Economy in focus: Estonia

Estonia has long boasted a robust economy driven by its impressive tech sector, but over the past year has had to deal with a disruptive energy crisis and the highest inflation in the eurozone. 

Home to just 1.3 million people, Estonia has long punched above its weight economically. It has a higher gross domestic product (GDP) per capita – about 23,000 euros – than Portugal. Bolt and Wise are Estonian companies, and Skype’s software was developed by Estonians. Estonia has an ‘AA-’ issuer default rating from Fitch

In 2022, the sturdy foundations of its then-overheating economy were tested like never before as energy prices skyrocketed and inflation soared to the highest rate in the eurozone in August: 25.2 per cent. Purchasing power and private savings shrunk as consumption-based resilience faltered.  

Dr Maryna Tverdostup, a labour economist researching Estonia at the Vienna Institute of International Economic Studies (wiiw), says, “If you just look at the numbers, it might look very pessimistic. The last quarter of last year, GDP declined over four per cent, and overall for the year it was over one per cent.”  

“But,” she adds, “it’s not as bad as it may look”. 

Strong foundations 

Dr Tverdostup says Estonia was one of the European economies least affected by the Covid-19 pandemic and performed well through the first two quarters of 2022. This initial strength has helped moderate the impact of shocks. 

Estonia is the EU and global leader in digital public services. Estonians receive a state-issued e-ID that allows them to vote, pay taxes, and sign contracts online.  

Estonia’s technological prominence is no fluke – it is the result of decades of state policy. Starting in the 1990s, the government earmarked one per cent of GDP to information technology development. The 1996 the Tiigrihüpe – Estonian for ‘Tiger Leap’ – initiative increased computer and network infrastructure across the country and expanded internet access to all Estonian schools by 2001. 

It has successfully courted foreign direct investment by implementing a business-friendly tax system. There is a zero per cent income tax on all reinvested and retained profits and a 20 per cent flat tax for individual income – though there is currently a ‘tax hump’ in which the basic exemption gradually shrinks until it disappears at a monthly income of 2,100 euros. e-Residency allows non-Estonians to access the country’s e-services – including online tax filing – without gaining physical residency or citizenship.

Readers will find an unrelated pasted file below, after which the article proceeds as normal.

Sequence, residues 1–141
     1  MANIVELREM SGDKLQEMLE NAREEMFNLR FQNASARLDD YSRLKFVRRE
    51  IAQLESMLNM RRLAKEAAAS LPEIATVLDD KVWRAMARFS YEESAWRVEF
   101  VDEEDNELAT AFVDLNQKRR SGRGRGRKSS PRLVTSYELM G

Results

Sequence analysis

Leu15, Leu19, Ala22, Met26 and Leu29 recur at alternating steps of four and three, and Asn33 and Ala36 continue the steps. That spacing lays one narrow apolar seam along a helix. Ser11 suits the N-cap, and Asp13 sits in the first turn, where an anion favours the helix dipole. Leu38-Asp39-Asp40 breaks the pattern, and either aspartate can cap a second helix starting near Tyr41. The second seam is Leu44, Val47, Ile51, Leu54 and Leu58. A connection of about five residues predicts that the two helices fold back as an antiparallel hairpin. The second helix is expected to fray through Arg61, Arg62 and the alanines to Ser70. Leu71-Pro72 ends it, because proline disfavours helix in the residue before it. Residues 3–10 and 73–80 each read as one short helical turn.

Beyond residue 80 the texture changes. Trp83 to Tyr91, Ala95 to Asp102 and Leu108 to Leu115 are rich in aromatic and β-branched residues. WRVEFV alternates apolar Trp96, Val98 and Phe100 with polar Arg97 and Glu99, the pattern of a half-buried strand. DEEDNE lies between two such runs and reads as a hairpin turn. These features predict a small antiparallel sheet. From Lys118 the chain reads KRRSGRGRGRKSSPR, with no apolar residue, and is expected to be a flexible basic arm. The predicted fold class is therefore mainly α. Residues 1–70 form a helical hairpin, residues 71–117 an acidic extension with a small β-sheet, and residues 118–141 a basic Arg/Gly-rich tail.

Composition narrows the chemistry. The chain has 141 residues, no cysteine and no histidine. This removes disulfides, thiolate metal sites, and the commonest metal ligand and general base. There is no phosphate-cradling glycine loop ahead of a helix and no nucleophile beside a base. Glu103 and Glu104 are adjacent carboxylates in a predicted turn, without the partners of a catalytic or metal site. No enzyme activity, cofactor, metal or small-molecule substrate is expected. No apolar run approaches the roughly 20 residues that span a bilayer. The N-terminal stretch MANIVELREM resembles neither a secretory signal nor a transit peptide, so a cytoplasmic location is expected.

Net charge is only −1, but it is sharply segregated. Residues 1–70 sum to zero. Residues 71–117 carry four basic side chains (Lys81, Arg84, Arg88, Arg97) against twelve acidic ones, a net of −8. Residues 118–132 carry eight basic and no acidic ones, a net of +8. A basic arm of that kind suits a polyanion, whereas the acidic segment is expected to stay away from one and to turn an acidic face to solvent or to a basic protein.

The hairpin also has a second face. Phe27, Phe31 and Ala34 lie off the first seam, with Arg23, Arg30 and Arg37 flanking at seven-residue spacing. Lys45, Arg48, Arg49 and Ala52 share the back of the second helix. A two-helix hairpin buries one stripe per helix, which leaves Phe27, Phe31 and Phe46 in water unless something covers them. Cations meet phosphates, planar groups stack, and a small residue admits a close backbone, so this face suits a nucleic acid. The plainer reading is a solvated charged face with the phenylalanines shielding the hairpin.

The latest Emerging Europe IT Competitiveness Index ranked Estonia first in the region for its abundance of talent and business environment. Estonia has the most start-ups and unicorns per capita in Europe.  

Shocks from the war in Ukraine 

In 2021, Estonia imported 100 per cent of its gas from Russia. However, since Russia’s invasion of Ukraine in February 2022, Estonia has devoted the greatest share of its GDP to helping Ukraine of any country in the world and has hawkishly pushed the EU to cut its reliance on Russian fossil fuel. Estonia has imported almost no gas from Russia since April 2022, and a legally binding sanction took effect on December 31. 

Households immediately felt the impact of skyrocketing energy prices. The Estonian government provided direct support to consumers struggling with energy prices but did not provide support to businesses. As a key cost rose for Estonian businesses, so did prices across the board.  

Estonian Foreign Minister Urmas Reinsalu has repeatedly urged the EU to lower its price caps on Russian crude oil and liquefied natural gas (LNG), saying the cap proposed by the United States was not low enough to meaningfully impact Russia’s war effort. 

Finland’s first floating LNG terminal became operational earlier this year and has begun supplying Estonia gas via the underwater Baltic connector pipeline. Estonia already had the second highest carbon dioxide emissions per capita in the EU in 2020, and its decision to restart the very shale oil power plants it was planning to phase out due to their inordinately high levels of pollution will set back its efforts to decrease its emissions.